I really liked this combination as I learned different perspectives on my races and in training. George was on pool deck with me at Nationals in 2019, which was special as it was a first for both of us. We got to experience the new, chaotic environment together.
After Nationals, I moved up squads and Harry Clark became my coach. Since then I’ve trained with Harry as my primary coach and earlier this year I started training part time with Will Scott."
What is your current weekly load of training?
Anderson – “Currently I do seven swim sessions a week. I am not a morning person, but I manage to pull myself out of bed for four 5am starts per week. Currently, I don’t do any gym sessions and I swim 35-40km per week.
The hardest set I’ve ever done is last year’s Melbourne Cup set which was 32x100’s holding my best average pace. For me, being a middle-distance swimmer who is always happy to do a sprint session, this set was torture.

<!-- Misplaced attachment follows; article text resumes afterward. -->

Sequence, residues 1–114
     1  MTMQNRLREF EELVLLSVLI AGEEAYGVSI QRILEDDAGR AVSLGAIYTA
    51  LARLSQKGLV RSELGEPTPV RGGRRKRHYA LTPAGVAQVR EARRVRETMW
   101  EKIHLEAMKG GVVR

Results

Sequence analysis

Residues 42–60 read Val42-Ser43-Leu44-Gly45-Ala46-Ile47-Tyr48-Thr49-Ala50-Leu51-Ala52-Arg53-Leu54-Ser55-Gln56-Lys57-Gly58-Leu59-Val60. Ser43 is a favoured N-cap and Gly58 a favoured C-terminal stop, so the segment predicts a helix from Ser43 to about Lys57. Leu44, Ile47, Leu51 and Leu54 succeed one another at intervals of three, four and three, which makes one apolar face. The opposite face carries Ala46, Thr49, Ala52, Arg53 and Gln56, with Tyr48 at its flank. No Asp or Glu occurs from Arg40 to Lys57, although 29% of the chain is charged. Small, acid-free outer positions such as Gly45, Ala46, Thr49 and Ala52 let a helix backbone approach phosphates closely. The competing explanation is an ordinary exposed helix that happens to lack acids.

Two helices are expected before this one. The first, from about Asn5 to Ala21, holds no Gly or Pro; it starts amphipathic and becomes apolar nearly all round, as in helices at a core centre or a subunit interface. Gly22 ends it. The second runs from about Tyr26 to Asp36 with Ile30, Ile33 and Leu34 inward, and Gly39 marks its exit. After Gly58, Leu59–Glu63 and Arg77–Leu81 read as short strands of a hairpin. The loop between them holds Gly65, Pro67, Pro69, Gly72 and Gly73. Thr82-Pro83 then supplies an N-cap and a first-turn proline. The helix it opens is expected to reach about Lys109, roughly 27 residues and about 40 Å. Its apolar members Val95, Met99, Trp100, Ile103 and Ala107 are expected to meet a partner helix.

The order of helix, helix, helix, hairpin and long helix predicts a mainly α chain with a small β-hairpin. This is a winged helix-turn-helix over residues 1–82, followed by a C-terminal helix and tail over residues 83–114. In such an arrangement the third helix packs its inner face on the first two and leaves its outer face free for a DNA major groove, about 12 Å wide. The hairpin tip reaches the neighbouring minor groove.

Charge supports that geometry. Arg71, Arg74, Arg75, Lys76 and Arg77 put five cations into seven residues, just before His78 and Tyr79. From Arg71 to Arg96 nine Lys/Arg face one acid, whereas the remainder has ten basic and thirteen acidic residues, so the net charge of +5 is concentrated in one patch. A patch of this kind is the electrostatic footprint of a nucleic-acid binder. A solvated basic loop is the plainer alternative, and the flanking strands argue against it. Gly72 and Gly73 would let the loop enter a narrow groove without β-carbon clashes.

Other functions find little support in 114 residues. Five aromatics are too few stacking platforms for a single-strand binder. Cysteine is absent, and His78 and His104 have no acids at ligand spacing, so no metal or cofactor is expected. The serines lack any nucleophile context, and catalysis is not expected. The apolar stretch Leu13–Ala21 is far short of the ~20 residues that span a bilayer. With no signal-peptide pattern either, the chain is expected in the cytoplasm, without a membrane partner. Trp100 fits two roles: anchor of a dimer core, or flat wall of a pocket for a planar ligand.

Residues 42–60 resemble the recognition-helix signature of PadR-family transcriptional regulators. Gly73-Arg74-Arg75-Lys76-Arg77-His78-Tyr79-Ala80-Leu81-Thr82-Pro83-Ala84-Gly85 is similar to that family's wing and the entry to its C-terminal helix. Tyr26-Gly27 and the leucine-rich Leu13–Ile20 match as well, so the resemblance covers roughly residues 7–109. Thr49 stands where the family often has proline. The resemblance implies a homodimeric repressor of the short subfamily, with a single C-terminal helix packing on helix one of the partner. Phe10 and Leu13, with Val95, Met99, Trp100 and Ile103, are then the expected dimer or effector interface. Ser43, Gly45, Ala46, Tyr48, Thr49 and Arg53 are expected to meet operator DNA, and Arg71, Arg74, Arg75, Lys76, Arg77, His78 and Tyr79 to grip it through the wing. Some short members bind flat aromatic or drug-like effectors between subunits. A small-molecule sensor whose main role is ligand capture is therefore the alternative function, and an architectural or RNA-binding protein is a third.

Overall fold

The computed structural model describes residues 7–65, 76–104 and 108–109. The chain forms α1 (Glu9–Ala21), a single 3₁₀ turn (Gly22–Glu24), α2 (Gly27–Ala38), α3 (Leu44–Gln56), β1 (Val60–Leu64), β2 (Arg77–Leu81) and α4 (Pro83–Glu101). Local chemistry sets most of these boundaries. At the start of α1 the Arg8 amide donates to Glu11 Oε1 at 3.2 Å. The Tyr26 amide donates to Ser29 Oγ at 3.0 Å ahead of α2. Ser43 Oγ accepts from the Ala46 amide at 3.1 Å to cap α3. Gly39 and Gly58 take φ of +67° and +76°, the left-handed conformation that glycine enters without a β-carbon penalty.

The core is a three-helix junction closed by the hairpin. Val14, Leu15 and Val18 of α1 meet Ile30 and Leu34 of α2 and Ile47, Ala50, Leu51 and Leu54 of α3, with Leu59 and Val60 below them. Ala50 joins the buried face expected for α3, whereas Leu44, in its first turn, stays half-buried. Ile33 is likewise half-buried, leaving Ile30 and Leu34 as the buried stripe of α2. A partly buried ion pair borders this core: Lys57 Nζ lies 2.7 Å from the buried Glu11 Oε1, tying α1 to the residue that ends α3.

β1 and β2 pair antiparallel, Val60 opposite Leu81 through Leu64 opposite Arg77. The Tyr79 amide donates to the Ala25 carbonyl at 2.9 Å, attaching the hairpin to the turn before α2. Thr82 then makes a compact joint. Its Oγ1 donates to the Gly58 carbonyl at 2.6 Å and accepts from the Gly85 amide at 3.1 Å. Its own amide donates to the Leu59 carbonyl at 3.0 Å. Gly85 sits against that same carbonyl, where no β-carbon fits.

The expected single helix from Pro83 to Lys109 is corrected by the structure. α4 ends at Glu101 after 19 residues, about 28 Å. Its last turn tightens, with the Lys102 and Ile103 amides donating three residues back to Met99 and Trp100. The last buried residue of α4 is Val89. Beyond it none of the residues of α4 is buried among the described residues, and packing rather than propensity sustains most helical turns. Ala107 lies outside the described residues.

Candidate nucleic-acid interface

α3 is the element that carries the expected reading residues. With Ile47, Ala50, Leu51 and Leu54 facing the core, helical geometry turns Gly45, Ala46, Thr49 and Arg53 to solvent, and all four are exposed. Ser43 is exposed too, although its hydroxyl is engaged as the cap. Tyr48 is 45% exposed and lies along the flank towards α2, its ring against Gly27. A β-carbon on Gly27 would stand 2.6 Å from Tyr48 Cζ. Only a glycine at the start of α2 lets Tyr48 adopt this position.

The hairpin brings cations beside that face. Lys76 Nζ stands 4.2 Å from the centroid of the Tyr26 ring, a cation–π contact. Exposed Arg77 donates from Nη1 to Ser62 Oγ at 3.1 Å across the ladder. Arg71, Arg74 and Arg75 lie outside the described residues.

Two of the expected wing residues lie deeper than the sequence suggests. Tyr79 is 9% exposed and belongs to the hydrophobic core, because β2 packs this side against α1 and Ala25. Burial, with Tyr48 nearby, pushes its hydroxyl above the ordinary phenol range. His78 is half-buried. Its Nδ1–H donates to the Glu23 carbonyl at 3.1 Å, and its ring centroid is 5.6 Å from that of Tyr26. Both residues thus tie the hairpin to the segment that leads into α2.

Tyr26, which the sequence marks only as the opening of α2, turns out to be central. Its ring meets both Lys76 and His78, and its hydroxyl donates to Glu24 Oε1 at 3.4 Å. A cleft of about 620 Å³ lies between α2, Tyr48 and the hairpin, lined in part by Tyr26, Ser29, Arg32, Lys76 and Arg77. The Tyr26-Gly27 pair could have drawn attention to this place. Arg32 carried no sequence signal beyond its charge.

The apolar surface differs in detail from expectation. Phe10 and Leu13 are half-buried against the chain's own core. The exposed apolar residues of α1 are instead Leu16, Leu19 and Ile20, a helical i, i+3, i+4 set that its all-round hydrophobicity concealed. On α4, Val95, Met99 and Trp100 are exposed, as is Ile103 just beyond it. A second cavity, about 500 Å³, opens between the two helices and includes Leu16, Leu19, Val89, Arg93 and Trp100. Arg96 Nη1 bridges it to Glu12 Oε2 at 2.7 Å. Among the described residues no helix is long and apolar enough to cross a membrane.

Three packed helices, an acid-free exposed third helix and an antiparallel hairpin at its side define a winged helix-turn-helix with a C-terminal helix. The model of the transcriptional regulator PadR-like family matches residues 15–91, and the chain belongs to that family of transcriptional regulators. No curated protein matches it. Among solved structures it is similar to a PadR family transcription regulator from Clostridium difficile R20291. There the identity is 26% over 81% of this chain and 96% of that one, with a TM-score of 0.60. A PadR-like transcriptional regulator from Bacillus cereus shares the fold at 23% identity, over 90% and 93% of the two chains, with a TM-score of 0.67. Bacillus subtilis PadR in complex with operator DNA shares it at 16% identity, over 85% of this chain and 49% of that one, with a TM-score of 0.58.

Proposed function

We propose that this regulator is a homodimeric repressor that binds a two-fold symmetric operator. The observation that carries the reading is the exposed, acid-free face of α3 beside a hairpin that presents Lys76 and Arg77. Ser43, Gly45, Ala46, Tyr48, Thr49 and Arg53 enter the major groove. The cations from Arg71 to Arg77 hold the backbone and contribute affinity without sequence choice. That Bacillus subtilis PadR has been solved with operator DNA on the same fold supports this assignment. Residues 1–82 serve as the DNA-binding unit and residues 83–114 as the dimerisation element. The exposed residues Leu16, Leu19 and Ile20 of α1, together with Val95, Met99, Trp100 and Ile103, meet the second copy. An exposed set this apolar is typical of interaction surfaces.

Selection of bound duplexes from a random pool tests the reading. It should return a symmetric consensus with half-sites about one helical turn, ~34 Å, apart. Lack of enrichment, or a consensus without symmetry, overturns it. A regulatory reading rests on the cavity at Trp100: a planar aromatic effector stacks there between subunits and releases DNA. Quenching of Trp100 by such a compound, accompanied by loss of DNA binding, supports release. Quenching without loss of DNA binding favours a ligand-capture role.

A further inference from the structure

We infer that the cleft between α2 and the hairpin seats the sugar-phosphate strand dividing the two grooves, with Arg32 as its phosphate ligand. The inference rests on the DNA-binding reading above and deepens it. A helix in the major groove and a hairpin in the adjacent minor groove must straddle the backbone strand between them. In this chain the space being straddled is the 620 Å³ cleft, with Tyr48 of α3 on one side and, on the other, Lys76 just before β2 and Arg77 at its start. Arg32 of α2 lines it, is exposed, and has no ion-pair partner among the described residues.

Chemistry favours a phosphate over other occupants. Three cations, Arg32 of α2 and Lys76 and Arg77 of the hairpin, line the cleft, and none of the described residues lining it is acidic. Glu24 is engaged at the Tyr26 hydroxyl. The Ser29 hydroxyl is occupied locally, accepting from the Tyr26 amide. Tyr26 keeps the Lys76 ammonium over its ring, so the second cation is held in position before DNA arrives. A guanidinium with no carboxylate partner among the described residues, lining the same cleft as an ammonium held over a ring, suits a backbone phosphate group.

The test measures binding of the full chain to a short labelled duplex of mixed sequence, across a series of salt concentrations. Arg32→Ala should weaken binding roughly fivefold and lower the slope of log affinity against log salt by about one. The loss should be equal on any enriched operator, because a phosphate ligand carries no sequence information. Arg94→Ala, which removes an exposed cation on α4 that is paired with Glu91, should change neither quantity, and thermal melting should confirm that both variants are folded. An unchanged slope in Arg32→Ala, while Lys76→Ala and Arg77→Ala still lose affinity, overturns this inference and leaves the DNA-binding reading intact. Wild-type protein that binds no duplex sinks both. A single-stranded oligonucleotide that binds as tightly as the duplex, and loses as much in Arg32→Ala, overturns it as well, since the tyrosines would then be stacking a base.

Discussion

In previous years, the Melbourne Cup set has consisted of a team effort of trying to complete a set of tasks and trying to be the first team to finish. Some of the tasks include running or even eating carrots. This set last year came as a big shock to all of us.”
What are your best events and which is your favourite?
Anderson – “My best events are 50m, 100m and 200m Backstroke. My long course personal best for the 50m is 29.42 from around two years ago, my 100m time is 1:02.09 and for the 200m my time is 2:15:72, which I did at Olympic Trials earlier this year.